- Dan Graziano, ESPN Staff Writer
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The New York Giants do love their stay-the-course reputation. While they were disappointed that this season's 9-7 record wasn't good enough to get them into the playoffs after 2011's 9-7 record had been, the Giants' first instinct is to stick with their plan and believe that consistently putting themselves in position to contend is the best way to go. Fine. Those two Super Bowl titles they've won under Tom Coughlin and Eli Manning have established for them some benefit of the doubt.
But as Ohm takes a look today at the Giants' defense and some of the issues that need to be addressed this offseason, you do wonder if the Giants might need to apply a more drastic approach than the one to which they are accustomed. Ohm lays out the position-by-position issues and concludes with this:
This is the same defense and same defensive coordinator that won a Super Bowl just one year ago. And if the defense had played better late in any of the losses to the Redskins, Steelers or Eagles, the Giants would've been playoff-bound. If they had shown up in Baltimore or Atlanta, the Giants might've been able get into the postseason as well.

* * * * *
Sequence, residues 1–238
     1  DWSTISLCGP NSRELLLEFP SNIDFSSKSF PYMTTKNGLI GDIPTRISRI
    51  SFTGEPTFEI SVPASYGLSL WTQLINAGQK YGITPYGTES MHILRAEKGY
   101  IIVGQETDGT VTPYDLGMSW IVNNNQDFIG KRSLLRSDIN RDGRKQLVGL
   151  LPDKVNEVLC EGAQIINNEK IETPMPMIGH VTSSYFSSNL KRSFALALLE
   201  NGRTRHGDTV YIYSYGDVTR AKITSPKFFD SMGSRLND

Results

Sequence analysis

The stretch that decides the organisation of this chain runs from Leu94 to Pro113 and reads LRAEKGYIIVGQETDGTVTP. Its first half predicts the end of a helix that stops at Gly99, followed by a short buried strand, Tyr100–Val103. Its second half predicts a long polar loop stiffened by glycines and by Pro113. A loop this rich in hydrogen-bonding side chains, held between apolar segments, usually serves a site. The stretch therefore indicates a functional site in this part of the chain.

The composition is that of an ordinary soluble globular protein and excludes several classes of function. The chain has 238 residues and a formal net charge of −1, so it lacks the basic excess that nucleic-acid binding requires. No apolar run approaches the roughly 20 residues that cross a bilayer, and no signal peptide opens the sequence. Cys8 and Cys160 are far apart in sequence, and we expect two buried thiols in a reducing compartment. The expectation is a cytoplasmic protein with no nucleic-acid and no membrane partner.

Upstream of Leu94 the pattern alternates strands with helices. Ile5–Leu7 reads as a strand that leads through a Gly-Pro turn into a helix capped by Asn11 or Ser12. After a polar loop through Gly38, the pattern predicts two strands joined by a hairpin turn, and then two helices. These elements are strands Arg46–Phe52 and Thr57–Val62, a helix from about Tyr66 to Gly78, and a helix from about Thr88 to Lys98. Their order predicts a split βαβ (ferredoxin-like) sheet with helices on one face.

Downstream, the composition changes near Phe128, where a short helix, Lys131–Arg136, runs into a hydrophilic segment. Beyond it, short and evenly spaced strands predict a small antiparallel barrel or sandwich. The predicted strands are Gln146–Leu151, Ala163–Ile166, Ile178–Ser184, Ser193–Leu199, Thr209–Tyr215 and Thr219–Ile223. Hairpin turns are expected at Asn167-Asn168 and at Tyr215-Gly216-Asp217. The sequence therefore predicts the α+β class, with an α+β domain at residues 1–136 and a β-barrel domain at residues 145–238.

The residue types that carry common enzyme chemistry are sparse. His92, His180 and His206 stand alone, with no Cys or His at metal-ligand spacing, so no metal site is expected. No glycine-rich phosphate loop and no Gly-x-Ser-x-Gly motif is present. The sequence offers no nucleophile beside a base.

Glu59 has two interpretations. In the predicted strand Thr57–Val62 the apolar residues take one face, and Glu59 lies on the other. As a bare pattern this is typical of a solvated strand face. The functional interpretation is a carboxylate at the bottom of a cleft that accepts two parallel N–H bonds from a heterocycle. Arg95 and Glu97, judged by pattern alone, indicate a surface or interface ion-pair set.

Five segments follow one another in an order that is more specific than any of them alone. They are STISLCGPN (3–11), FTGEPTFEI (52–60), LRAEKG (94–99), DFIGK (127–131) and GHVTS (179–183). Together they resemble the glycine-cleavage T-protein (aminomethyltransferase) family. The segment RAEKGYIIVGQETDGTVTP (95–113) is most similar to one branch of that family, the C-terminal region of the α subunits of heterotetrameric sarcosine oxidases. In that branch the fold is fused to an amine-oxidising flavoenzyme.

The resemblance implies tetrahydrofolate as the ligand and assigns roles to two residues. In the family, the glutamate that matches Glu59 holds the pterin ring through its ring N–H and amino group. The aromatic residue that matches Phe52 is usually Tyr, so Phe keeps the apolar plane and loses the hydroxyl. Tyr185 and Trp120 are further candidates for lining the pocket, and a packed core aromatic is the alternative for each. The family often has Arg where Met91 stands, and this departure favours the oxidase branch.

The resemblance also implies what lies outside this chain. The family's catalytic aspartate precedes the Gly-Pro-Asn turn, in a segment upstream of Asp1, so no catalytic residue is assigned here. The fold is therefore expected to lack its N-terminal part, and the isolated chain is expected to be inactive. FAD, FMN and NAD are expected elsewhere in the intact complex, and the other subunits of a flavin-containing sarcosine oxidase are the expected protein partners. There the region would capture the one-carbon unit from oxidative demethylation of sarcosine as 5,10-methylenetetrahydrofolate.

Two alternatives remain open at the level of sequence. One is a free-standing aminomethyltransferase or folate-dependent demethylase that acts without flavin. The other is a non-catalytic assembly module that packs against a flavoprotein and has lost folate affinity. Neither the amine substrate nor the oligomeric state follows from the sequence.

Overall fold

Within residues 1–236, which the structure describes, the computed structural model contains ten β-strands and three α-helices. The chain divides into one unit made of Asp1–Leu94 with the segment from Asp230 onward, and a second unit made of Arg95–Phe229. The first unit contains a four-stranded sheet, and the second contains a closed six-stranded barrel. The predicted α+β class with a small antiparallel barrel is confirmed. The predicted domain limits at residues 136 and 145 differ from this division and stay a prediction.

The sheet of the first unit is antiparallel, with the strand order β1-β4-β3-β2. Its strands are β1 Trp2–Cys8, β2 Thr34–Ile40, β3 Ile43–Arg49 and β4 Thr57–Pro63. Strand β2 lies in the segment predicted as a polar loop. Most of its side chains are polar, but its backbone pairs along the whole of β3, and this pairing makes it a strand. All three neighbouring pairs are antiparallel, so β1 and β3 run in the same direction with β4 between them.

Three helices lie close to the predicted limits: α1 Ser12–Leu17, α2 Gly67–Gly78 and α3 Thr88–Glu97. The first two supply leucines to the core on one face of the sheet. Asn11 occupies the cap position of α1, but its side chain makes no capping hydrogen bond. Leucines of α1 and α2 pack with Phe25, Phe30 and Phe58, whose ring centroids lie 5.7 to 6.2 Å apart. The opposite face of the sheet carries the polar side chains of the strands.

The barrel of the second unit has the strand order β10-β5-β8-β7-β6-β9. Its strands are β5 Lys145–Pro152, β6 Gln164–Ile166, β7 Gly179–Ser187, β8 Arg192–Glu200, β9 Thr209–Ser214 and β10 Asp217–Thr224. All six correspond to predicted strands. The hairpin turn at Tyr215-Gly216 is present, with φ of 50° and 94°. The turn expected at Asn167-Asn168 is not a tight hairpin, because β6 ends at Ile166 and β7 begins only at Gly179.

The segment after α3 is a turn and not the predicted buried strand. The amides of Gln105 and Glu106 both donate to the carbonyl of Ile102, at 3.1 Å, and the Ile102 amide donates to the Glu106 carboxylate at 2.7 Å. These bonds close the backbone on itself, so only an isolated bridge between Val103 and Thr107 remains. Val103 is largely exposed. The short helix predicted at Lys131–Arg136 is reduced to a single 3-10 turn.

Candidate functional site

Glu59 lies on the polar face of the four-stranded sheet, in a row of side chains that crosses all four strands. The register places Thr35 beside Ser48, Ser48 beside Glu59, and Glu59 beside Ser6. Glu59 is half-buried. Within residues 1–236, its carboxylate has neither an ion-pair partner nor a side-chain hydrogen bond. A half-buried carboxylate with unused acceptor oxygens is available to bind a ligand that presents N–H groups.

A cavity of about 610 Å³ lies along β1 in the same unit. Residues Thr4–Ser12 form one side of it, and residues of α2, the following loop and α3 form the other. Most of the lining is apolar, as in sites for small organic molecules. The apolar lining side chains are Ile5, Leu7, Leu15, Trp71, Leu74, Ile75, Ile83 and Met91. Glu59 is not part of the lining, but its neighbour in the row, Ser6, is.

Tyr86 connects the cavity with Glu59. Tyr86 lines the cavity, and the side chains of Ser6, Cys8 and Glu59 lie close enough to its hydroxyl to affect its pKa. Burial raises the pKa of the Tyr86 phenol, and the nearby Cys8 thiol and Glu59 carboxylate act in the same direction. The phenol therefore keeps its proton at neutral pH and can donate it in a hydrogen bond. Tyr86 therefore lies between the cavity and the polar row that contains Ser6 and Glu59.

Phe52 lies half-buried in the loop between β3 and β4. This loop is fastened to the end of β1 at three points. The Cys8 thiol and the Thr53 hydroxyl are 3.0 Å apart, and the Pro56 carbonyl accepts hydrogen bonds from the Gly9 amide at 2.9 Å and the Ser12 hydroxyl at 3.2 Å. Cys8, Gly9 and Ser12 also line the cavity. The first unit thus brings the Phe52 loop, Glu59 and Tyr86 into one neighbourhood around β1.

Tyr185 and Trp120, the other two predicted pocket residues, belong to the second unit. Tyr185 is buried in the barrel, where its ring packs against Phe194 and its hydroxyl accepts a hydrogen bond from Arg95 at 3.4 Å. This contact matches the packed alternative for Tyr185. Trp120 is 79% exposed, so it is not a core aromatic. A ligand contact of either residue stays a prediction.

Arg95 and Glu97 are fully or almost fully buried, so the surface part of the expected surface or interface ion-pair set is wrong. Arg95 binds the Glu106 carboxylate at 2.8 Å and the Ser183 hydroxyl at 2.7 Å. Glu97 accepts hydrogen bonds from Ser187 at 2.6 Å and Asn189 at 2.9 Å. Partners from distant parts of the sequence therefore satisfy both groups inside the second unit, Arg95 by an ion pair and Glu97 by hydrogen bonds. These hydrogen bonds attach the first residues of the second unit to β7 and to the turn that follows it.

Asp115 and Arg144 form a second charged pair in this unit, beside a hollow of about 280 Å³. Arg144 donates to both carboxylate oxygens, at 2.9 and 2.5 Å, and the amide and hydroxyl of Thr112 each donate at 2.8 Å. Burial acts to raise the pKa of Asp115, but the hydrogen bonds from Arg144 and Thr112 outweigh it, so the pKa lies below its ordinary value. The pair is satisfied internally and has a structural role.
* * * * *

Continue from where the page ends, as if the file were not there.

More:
If the Giants are going to get back to the Super Bowl, they need Fewell and his players to regain that all-in mentality, steady and clutch play that they had when they won their final six games last year. And they need to add a few more pieces to a core that knows what it takes to get to the Super Bowl.
I think the fact that they got their act together and played at a championship level in January and February of 2011 might be obscuring some deeper issues, and staying the course on defense might not be the best way for the Giants to approach things this offseason. The defense finished 31st in the league this past regular season under defensive coordinator Perry Fewell. They finished 27th the year before. A hard look at what they have and where they're going at cornerback, linebacker and on the defensive line is likely in order, and it might be a good idea for the Giants to start from the position that their defense simply isn't as good as they believed it would be.